You hardly need to risk a day, though. Imagine you’re off to lunch at a fancy place that got raves in your guidebook when, on the way there, you pass a spot humming with locals. Time to ditch your plans. Even if the chef at the new place is not Michelin-starred (or perhaps not even a chef), sometimes a simple meal you don’t know is coming is better than a fancy meal for which you have sky-high expectations.
Another strategy: For every five days of your trip, set aside one for planned spontaneity. In the city? Bury your phone in your backpack and explore a neighbourhood blind or with a paper map, asking for advice along the way. In the country? Take a drive down a local road and stop whenever you see something interesting: a high school baseball game, a yak farm, a bait shop. (Don’t fish? Then ask for directions.)
To give some structure to your adventuring, come up with a nonserious goal that will add an element of fun and nudge you off the tourist trail. Make it your mission to find the best bookstore in town, try every brand of local candy or search for the weirdest ice cream flavours. In England, declare that by the end of your trip everyone in the group must choose a Premiere League soccer team to root for when you get home. Locals will surely lobby for their club. In northeast Portugal I vowed to learn a few words of the local language, Mirandese. People were delighted to teach me — although, I imagine, not nearly so much as the English would be to talk about why their football team is superior.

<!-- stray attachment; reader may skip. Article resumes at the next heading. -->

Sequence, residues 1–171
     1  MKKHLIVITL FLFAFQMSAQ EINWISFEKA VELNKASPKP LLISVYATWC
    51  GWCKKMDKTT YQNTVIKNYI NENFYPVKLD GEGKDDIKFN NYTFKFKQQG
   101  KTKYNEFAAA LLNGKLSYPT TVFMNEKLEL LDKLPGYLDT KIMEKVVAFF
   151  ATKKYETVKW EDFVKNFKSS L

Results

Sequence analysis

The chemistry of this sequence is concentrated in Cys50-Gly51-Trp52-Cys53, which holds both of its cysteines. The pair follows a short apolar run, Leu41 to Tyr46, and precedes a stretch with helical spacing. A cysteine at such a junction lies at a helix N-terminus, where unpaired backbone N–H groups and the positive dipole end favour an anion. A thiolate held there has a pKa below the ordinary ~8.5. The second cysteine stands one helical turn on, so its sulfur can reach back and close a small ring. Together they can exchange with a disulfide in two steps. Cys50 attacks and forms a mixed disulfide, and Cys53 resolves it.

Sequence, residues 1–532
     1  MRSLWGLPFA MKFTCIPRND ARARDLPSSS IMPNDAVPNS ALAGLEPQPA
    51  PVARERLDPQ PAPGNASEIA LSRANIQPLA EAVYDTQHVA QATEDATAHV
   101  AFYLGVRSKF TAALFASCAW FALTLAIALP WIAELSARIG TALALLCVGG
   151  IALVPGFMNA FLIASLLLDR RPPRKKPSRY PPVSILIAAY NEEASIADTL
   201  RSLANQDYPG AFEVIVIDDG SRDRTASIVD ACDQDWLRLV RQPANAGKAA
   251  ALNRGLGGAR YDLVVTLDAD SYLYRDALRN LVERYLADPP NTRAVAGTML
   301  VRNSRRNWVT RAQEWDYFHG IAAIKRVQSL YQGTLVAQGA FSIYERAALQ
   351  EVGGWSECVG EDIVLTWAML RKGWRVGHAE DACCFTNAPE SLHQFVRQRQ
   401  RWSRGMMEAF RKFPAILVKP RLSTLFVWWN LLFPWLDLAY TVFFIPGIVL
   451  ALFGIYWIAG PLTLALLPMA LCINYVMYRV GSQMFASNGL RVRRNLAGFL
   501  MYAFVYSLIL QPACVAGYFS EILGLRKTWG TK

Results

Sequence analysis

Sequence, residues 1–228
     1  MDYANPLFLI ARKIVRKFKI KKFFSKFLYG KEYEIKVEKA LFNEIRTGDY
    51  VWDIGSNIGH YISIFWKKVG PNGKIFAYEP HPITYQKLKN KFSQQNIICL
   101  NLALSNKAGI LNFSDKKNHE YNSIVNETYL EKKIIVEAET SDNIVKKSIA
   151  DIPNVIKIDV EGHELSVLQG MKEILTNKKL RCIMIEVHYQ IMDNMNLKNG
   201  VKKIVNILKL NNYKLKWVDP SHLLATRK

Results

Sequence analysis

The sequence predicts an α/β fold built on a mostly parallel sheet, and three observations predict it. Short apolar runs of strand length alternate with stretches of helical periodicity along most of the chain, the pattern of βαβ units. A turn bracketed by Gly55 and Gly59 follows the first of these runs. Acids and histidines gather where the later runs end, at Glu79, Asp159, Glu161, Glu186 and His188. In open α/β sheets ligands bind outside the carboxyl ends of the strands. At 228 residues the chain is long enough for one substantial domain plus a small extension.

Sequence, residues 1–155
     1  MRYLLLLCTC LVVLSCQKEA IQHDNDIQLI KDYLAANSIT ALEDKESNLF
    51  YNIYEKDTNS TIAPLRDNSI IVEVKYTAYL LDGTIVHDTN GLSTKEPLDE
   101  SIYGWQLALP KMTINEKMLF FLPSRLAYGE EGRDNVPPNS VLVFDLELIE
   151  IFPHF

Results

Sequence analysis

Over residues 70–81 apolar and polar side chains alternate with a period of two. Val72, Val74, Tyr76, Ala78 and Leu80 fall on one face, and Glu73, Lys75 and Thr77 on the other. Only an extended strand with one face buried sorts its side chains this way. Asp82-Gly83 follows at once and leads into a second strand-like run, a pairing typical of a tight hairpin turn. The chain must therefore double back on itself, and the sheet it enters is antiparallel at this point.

Sometimes an opportunity for a detour or a change of plans will arise that you (or your travel companions) might think is silly or a little nerve-wracking.
Should we turn down that side street just to see what’s there? Should we get off at a random subway stop and explore? Stop off at a supermarket to see what kinds of cereal they have? Attend that local community potluck we saw a flyer for? The answers are yes, yes, yes and yes. What do you have to lose if it goes well? The second museum or third monument of the day? And what if it doesn’t? You’ll be set back 15 minutes? There’s really only one good reason to say no to an idea: if it would put you in physical danger.
Despite what you learned as a kid, “yes” is also the answer to: Should you talk to strangers? (At least when culturally appropriate.) I sometimes like to set a goal — to talk to five random people a day, for example. Then I ask any dumb question that comes to mind. At a restaurant in Naples, I asked the Italian family at the table next to mine how their fritti misti appetizer was. They gave me the rest of the plate. I asked a fellow customer in a South Dakota gas station if there was any difference between the pot of coffee she was pouring and the one she wasn’t. It was fresher, she said. I doubt it was and didn’t care anyway, but she turned out to be a fun Estonian exchange student with great stories of her journeys across America.